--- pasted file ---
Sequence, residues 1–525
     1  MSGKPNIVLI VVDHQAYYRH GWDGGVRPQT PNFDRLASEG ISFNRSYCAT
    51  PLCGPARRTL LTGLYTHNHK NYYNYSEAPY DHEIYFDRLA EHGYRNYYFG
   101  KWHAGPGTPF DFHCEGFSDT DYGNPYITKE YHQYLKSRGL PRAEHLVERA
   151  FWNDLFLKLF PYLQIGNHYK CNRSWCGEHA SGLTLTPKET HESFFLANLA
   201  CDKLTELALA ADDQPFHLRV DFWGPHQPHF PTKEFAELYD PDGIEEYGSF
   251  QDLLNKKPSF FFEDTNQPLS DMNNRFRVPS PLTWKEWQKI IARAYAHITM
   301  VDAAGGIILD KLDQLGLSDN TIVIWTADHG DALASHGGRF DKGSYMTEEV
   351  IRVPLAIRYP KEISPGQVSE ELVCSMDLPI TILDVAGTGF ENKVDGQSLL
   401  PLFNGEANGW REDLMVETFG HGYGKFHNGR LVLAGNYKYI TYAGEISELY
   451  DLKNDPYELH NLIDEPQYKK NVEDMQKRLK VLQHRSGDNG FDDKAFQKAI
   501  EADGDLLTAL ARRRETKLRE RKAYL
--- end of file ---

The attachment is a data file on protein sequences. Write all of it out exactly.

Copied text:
Sequence, residues 1–525
     1  MSGKPNIVLI VVDHQAYYRH GWDGGVRPQT PNFDRLASEG ISFNRSYCAT
    51  PLCGPARRTL LTGLYTHNHK NYYNYSEAPY DHEIYFDRLA EHGYRNYYFG
   101  KWHAGPGTPF DFHCEGFSDT DYGNPYITKE YHQYLKSRGL PRAEHLVERA
   151  FWNDLFLKLF PYLQIGNHYK CNRSWCGEHA SGLTLTPKET HESFFLANLA
   201  CDKLTELALA ADDQPFHLRV DFWGPHQPHF PTKEFAELYD PDGIEEYGSF
   251  QDLLNKKPSF FFEDTNQPLS DMNNRFRVPS PLTWKEWQKI IARAYAHITM
   301  VDAAGGIILD KLDQLGLSDN TIVIWTADHG DALASHGGRF DKGSYMTEEV
   351  IRVPLAIRYP KEISPGQVSE ELVCSMDLPI TILDVAGTGF ENKVDGQSLL
   401  PLFNGEANGW REDLMVETFG HGYGKFHNGR LVLAGNYKYI TYAGEISELY
   451  DLKNDPYELH NLIDEPQYKK NVEDMQKRLK VLQHRSGDNG FDDKAFQKAI
   501  EADGDLLTAL ARRRETKLRE RKAYL